From the last window giraffe: a picture dictionary for five and above


A is the first letter of the Croatian alphabet. A is the first letter of the Serbian alphabet. A is the first letter of the Bosnian alphabet.

A is the first letter of the Hungarian alphabet.

Now we see through bulletproof glass.

Disperse me if you can, but I will look him in the eye. Stock-still bodyguards in sunglasses, the quicksilver glint of a cigarette case. The Golden Age was just an arm away. If only we’d listened to the Zastavas gliding by, and to our excountry’s countrymen, if only we’d believed that it’s magic, like in a fairy tale, not the chained watchdog of the West, neither lefties nor socialist sidesteppers, but simply non-aligned countries, Surda, Dubrovnik, Opatija, the Sarajevo Winter Olympics, a window opening on the sea where the view isn’t blocked by the Struggle for Peace. A green and pleasant land, noble rivers, one federation where Albanians, Bosnians, Croats, Hungarians, Italians, Macedonians, Montenegrins, Serbs, Slovenes, and Romanians would all find their uphills and downdales. Their nostalgia fills me with envy. It conjures up the golden age of the Monarchy. A as in Aurum, let this be the first window of my window giraffe.1

Watching the news in the flesh is an old dream of mine. Knowing the place and the players as if it were a home movie shot on a school trip. In November 1996, the authorities in Yugoslavia tampered with the local election results. The disgruntled people of Belgrade took to the streets. In this dictionary, you can learn a lot of interesting things about Belgrade. You can also find out about the jungle under the letter Ö.

They’re protesting because they want something else. Everybody wants something else. Free elections, freedom of the press, power, women. Greater Serbia. Milosevic they don’t want. They want him not to be.

I first saw Serzhan on CNN, then we met at the demonstration. He was conspicuous by his silence. As he grinned, only his teeth showed from under his hat, pulled over his ears. I could make out the Cyrillic letters on the book in his pocket. I had to know why he was reading A Hundred Years of Solitude at a mass demonstration.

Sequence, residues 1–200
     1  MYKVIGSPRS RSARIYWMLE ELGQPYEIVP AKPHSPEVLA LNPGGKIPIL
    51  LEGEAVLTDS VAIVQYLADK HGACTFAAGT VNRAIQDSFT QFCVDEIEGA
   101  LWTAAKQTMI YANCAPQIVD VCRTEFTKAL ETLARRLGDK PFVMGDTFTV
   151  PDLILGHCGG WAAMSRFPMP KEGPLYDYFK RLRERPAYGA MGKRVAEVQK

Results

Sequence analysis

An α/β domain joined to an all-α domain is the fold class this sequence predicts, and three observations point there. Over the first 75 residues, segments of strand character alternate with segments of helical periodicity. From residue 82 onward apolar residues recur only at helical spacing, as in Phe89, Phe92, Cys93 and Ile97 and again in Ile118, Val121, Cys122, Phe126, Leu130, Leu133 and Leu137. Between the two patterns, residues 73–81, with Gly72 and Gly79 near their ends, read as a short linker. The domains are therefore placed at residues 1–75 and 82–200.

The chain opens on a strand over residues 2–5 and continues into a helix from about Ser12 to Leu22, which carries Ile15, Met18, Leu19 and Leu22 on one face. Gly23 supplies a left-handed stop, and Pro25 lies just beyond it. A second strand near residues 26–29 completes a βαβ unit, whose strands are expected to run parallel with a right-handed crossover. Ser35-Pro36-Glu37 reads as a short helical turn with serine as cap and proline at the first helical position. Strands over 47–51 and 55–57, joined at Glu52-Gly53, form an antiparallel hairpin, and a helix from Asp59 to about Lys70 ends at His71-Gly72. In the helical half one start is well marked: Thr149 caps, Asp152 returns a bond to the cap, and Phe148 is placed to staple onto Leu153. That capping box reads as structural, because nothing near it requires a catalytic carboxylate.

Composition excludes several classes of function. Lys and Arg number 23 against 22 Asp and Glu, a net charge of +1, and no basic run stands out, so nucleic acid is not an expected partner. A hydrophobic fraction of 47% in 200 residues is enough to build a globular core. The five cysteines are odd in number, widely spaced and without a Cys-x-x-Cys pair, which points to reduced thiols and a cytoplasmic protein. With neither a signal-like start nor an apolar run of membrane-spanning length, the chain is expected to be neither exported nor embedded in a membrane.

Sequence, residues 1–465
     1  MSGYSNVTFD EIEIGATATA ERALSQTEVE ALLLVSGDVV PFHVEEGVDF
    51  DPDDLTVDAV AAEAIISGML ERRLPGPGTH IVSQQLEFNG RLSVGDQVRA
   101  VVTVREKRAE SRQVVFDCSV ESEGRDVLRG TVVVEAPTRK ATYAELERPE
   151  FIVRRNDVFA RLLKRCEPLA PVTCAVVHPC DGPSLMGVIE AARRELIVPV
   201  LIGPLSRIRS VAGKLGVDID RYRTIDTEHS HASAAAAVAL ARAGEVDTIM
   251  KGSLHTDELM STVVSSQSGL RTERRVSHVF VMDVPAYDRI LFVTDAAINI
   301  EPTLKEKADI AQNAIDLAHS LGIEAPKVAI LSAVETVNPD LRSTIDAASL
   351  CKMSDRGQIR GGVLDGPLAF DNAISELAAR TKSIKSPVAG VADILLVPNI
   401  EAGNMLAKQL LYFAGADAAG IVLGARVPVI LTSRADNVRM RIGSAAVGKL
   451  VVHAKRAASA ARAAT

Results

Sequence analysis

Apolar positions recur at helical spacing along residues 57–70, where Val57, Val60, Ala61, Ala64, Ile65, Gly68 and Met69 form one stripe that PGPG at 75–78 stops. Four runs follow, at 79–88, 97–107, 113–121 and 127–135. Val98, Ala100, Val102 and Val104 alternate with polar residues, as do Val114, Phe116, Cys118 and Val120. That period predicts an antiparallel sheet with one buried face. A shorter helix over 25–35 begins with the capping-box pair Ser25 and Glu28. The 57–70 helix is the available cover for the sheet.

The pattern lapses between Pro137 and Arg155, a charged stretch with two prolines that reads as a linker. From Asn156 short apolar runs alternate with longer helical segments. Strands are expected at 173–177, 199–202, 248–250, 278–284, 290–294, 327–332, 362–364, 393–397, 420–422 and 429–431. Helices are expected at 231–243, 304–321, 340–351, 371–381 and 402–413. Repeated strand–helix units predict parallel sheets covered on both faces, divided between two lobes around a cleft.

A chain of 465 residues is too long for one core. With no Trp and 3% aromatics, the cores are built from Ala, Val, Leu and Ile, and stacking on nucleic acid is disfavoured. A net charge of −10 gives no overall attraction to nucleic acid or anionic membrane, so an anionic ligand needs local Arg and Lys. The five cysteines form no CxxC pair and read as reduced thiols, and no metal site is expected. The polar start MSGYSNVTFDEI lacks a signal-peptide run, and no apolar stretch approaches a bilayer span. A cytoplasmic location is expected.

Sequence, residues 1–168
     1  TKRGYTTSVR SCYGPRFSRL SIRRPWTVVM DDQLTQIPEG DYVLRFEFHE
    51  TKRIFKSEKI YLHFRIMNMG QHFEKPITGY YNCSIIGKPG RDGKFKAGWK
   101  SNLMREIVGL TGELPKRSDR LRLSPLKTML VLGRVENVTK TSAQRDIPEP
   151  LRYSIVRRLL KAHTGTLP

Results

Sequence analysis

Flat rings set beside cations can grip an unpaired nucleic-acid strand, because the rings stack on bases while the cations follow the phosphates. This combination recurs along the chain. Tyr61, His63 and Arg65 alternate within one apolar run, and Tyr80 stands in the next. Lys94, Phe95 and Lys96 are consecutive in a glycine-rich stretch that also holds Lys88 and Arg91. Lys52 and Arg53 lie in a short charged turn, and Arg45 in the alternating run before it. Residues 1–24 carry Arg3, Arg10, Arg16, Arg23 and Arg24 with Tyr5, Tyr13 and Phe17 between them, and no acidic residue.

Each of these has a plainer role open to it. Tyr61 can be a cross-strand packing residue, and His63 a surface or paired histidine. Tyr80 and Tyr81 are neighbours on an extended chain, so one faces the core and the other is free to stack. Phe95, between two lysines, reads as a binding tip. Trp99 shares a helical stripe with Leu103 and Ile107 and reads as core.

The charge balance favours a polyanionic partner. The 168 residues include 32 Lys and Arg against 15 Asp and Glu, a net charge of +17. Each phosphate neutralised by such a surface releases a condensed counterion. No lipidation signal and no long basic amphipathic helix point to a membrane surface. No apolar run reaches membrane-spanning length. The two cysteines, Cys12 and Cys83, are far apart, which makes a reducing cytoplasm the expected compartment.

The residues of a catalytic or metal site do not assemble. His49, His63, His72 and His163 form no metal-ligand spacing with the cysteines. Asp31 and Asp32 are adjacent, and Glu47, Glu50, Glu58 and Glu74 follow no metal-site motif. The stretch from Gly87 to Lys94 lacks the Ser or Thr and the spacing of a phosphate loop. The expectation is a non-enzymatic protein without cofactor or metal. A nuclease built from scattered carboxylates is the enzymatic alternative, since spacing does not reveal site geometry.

He said he wanted to find the girl who lent it to him before the war. This was his chance to give it back

Colonel Aureliano Buendía started thirty-two civil wars and suffered thirty-two defeats. He survived fourteen assassination attempts, seventy-three ambushes, an execution, a strychnine poisoning, and a suicide attempt. After the war he retreated to his alchemist’s den and made gold fish from gold coins.2

In Belgrade, time is measured in faces. After a week I begin to recognize faces. After a year I’d recognize everyone. Everyone who has a face also has time. Watches are worn as ornaments, the hands form an angle to match the mood of the wearer. If I stay on the street, I can’t be late. The time of the demonstration can be read from the faces. You look at someone and you know: it’s time. Neither of you will get there at the appointed hour, but you meet somewhere else where you wouldn’t have met had you been on time. In Belgrade time is no longer measured by the stars. People look each other in the eye. They merry-go-round in the raining confetti. A chain reaction of faces in an activated explosion. Belgrade faces are incendiary, quick to flare up. Invisibility is not an option, the masses of Belgrade are not faceless. Out of any two faces, one is always you. Serzhan is a cheeky grin. The people of Belgrade part with the past cheerfully. The shared naughtiness and mischief. Farting, belching, whistle-blowing, horn-tooting. The old dear standing next to me is shouting her head off. She knows she’s free to. Watches have become historically redundant. Down with time which has no face!

The window giraffe was a picture book from which we learned to read when we didn’t know how. I could read already, but I had to learn it anyway, because that’s what school’s for. The window giraffe revealed the world to us in alphabetical order. Everything had its rhyme and reason, both symbolic and everyday. We learned from it that the sun rises in the east, that our hearts are on the left, that the Great October Revolution was in November, and that light comes through the window even when it’s closed. The window giraffe was full of seven-headed dragons, fairies, devils and princes, and told us they do not exist. I remember four kinds of dragons that do not exist, and also three princes. Syllable by syllable, the window giraffe taught us to read between the lines. It was taken as much for granted as the teddy-bear on TV before bedtime. Nobody thought of questioning it. The window giraffe was the window giraffe. The window giraffe is my childhood, the changing room, the P.E. class, and growing all the time, an age before a better age, the soft dictatorship, my homework, my innocence, my generation. The window giraffe is a book, and I was one of its characters. Twenty years later, when asked, I realized that the first and last words, the alpha and omega, are window and giraffe.3 Yes. The window is the beginning, light comes through the window, the giraffe is the end of endlessness, surrealism, flaming giraffes, we will live for ever! A lexicon which contains what’s been left out.